Accountable Care Organizations (ACOs) are a delivery and payment model aiming to coordinate care, control costs, and improve quality. Medicare ACOs are responsible for 8 measures of preventive care quality.
To create composite measures of preventive care quality and examine associations of ACO characteristics with performance.
This is a cross-sectional study of Medicare Shared Savings Program and Pioneer participants. We linked quality performance to descriptive data from the National Survey of ACOs. We created composite measures using exploratory factor analysis, and used regression to assess associations with organizational characteristics.
Of 252 eligible ACOs, 246 reported on preventive care quality, 177 of which completed the survey (response rate=72%). In their first year, ACOs lagged behind PPO performance on the majority of comparable measures. We identified 2 underlying factors among 8 measures and created composites for each: disease prevention, driven by vaccines and cancer screenings, and wellness screening, driven by annual health screenings. Participation in the Advanced Payment Model, having fewer specialists, and having more Medicare ACO beneficiaries per primary care provider were associated with significantly better performance on both composites. Better performance on disease prevention was also associated with inclusion of a hospital, greater electronic health record capabilities, a larger primary care workforce, and fewer minority beneficiaries.
ACO preventive care quality performance is related to provider composition and benefitted by upfront investment. Vaccine and cancer screening quality performance is more dependent on organizational structure and characteristics than performance on annual wellness screenings, likely due to greater complexity in eligibility determination and service administration.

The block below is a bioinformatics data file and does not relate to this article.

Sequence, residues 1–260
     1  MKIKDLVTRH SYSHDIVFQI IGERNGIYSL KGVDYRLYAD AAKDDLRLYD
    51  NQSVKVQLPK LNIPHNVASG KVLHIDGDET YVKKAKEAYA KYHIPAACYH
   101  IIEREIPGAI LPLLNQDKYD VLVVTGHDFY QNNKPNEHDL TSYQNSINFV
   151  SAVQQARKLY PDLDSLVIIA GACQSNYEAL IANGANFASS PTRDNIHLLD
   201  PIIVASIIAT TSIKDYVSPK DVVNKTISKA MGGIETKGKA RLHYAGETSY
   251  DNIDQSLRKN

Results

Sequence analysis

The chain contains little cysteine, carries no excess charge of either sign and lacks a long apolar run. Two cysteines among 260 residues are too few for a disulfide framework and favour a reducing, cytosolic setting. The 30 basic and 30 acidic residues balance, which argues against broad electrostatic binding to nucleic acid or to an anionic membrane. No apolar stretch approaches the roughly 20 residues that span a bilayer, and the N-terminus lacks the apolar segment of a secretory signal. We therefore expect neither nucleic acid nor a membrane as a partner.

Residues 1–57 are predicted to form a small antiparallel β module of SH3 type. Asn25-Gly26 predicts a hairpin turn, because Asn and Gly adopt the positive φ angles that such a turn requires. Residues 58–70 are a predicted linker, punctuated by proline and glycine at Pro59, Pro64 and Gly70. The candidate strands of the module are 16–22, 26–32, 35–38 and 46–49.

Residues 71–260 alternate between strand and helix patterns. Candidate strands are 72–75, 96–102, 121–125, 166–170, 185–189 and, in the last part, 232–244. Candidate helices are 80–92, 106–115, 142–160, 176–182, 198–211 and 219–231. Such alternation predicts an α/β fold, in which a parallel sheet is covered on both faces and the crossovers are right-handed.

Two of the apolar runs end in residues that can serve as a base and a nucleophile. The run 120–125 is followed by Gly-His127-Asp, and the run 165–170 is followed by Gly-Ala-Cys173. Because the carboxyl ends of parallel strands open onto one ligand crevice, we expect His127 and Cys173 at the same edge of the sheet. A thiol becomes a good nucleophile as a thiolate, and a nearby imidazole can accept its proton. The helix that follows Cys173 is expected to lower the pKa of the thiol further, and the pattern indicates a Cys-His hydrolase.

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*Yale University School of Medicine, New Haven, CT
†The Dartmouth Institute of Health Policy and Clinical Practice, The Geisel School of Medicine at Dartmouth, Hanover, NH
‡Department of Internal Medicine, Yale University School of Medicine, New Haven, CT
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Supported by The Commonwealth Fund (20150034), the National Institute on Aging (R33AG044251), and a grant from the Robert Wood Johnson Foundation’s Changes in Health Care Financing and Organization (HCFO) Initiative (#72646).
The authors declare no conflict of interest.
Reprints: Benjamin B. Albright, MS, The Dartmouth Institute of Health Policy and Clinical Practice, The Geisel School of Medicine at Dartmouth, Level 5, WTRB, 1 Medical Center Drive, Lebanon, NH 03756. E-mail: email@example.com.